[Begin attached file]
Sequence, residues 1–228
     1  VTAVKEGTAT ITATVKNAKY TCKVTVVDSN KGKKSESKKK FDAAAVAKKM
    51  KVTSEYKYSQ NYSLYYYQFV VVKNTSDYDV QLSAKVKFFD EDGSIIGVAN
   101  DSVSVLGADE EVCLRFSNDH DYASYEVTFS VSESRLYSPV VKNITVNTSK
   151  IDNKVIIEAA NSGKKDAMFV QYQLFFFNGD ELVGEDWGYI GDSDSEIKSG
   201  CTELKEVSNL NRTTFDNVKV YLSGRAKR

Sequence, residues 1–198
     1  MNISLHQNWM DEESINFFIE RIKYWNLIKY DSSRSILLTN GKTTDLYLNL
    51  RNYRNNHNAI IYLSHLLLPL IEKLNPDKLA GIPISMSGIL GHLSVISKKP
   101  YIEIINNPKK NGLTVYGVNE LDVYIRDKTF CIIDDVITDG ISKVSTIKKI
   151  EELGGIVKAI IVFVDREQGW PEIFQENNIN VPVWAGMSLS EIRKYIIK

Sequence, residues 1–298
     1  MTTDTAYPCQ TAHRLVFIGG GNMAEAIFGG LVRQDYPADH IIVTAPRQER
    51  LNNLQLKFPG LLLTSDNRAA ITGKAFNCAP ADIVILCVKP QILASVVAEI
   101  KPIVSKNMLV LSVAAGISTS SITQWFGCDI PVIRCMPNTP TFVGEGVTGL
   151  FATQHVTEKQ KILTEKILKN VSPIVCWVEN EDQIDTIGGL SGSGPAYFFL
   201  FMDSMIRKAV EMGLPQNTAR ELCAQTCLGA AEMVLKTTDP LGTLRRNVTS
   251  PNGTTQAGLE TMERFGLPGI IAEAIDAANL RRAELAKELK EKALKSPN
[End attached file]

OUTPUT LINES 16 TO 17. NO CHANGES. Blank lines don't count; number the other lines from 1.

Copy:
   151  FATQHVTEKQ KILTEKILKN VSPIVCWVEN EDQIDTIGGL SGSGPAYFFL
   201  FMDSMIRKAV EMGLPQNTAR ELCAQTCLGA AEMVLKTTDP LGTLRRNVTS